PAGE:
In yet another embodiment, a flash memory device includes a memory cell array, a controller, page buffers, an X decoder and a Y decoder. The memory cell array has at least one block including a plurality of pages. The controller discriminates whether or not every pages of the block are programmed in accordance with a read command, performs a dummy data program about a page not programmed in accordance with the discrimination result, and outputs a controlling signal for performing a read operation in accordance with the read command. The page buffers programs or reads data of the memory cell array under control of the controller. The X decoder decodes an address of a page in response to a program command or the read command of the controller, and outputs a program voltage or a read voltage by activating a page selected in accordance with the decoding result. The Y decoder decodes a column address in response to the program command or the read command of the controller, and outputs page buffer controlling signals and a data input/output controlling signal in accordance with the decoding result.

As described above, in a flash memory device and a method of operating the same of the present invention, a read operation is performed without a flag cell for showing a program state. Accordingly, the size of a chip related to the flash memory device may be reduced.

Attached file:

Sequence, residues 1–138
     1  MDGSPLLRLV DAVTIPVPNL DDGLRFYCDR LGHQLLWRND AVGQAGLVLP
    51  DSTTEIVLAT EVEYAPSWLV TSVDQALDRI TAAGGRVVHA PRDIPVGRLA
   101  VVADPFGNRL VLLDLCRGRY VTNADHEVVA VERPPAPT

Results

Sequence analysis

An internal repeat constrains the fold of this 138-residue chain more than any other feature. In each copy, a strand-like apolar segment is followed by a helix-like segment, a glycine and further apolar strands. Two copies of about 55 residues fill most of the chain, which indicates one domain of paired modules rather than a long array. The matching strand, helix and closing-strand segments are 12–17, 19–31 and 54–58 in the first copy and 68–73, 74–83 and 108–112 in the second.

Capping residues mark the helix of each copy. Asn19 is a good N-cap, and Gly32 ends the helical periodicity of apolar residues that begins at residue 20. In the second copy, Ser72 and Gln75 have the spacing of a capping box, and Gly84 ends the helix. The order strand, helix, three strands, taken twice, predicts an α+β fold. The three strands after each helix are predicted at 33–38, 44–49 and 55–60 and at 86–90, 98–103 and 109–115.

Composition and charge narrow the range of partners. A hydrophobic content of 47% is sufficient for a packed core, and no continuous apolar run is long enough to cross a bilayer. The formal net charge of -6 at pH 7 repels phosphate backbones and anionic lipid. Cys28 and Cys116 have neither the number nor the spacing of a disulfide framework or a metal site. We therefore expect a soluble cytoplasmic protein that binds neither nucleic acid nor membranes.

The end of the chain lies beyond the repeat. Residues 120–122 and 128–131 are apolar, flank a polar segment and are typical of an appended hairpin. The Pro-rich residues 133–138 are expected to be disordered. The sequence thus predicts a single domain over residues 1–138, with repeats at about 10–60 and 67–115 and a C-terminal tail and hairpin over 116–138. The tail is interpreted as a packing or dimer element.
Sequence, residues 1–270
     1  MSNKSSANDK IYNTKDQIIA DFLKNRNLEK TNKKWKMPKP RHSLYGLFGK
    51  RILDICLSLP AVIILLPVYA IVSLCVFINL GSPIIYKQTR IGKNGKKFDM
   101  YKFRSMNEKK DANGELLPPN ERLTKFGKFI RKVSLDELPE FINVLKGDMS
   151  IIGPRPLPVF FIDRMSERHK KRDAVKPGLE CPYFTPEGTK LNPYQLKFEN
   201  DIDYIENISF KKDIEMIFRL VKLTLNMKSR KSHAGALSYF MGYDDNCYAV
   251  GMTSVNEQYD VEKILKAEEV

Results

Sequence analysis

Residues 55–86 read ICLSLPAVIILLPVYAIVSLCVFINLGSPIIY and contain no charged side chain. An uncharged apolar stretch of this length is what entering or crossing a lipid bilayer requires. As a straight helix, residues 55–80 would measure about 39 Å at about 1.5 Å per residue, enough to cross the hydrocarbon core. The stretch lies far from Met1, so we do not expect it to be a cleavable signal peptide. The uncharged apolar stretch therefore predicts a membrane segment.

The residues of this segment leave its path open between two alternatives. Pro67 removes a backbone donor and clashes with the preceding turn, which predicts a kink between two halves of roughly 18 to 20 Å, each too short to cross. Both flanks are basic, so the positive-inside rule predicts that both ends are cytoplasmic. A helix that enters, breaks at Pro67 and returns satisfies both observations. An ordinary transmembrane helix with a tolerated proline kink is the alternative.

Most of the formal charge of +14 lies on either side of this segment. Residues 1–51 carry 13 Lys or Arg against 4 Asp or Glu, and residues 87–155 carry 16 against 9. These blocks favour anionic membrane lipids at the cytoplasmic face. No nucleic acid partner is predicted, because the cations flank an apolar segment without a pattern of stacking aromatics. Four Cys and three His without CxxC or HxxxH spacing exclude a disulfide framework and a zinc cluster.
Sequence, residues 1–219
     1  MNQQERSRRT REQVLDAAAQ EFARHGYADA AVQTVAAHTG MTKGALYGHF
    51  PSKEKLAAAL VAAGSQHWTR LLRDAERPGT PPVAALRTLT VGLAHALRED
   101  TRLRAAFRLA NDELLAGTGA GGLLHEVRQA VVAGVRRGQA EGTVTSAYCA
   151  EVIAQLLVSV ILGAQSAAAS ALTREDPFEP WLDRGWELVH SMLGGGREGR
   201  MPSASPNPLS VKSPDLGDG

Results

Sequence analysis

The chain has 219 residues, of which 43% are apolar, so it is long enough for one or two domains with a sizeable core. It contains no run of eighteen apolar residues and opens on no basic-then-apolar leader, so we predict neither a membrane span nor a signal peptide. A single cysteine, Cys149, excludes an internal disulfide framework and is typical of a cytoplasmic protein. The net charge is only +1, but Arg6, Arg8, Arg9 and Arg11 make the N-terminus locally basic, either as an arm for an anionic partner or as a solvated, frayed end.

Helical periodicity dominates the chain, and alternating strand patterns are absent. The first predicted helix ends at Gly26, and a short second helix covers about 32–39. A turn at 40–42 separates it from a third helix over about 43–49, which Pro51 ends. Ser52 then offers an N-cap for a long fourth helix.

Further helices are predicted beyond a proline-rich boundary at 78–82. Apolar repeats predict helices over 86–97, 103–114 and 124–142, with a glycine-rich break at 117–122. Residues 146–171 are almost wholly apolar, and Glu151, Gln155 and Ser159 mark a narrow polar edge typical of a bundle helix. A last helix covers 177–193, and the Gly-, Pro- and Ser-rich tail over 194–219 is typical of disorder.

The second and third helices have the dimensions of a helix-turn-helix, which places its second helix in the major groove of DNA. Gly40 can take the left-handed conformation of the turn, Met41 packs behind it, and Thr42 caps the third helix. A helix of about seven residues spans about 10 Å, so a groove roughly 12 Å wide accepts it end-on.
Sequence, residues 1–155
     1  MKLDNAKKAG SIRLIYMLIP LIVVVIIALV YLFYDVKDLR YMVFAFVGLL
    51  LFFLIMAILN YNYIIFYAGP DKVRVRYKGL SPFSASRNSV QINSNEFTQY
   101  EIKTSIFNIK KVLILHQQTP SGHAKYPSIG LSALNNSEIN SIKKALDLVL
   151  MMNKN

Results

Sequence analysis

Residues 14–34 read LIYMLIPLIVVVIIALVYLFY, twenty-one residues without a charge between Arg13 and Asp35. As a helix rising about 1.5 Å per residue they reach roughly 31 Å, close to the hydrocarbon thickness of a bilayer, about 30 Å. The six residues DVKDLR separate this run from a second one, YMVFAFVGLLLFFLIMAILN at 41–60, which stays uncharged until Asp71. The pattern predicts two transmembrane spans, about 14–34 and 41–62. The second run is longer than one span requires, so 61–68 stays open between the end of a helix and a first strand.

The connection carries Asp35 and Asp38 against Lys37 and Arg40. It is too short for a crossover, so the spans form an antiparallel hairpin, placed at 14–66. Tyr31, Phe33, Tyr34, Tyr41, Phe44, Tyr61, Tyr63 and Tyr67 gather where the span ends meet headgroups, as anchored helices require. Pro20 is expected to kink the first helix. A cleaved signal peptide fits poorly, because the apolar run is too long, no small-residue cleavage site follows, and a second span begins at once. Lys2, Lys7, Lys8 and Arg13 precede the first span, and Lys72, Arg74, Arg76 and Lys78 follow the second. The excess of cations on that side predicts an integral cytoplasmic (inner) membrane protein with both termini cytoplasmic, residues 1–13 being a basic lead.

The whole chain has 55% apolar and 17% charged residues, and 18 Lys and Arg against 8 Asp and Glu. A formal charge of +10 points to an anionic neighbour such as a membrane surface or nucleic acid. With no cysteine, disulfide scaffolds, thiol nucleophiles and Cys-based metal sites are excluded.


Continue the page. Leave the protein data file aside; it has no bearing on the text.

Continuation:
BRIEF DESCRIPTION OF THE DRAWINGS

FIG. 1 is a view illustrating a threshold voltage distribution in accordance with a program of a MLC flash memory;

FIG. 2A illustrates a representation of a memory block in a MLC flash memory;

FIG. 2B is a view illustrating a program order of a block in FIG. 2A in accordance with the page;

FIG. 3A is a flow chart illustrating a program operation of a flash memory device according to one embodiment of the present invention; and

FIG. 3B illustrates a memory block and a controller according to one embodiment of the present invention.

DESCRIPTION OF SPECIFIC EMBODIMENTS

FIG. 3A is a flow chart illustrating a program operation of a non-volatile memory device (e.g., flash memory device) according to one embodiment of the present invention. FIG. 3B illustrates a memory block and a controller according to one embodiment.

Referring to FIG. 3B, the flash memory device of the present embodiment includes a memory cell array (not shown) having at least one block 320 and a controller 310 that controls surrounding circuits 370 so that a program operation is performed by transmitting data inputted in response to an address of a page corresponding to a preset word line to the block 320. A configuration of the memory cell array (or block 320) is described in more detail in U.S. Pat. No. 7,193,911, which is incorporated by reference. The memory cell array described in the '911 patent relates to the NAND flash memory device. However, the memory cell array (or memory block) is not limited to a NAND configuration in the present embodiment and may include other configurations, e.g., a NOR configuration.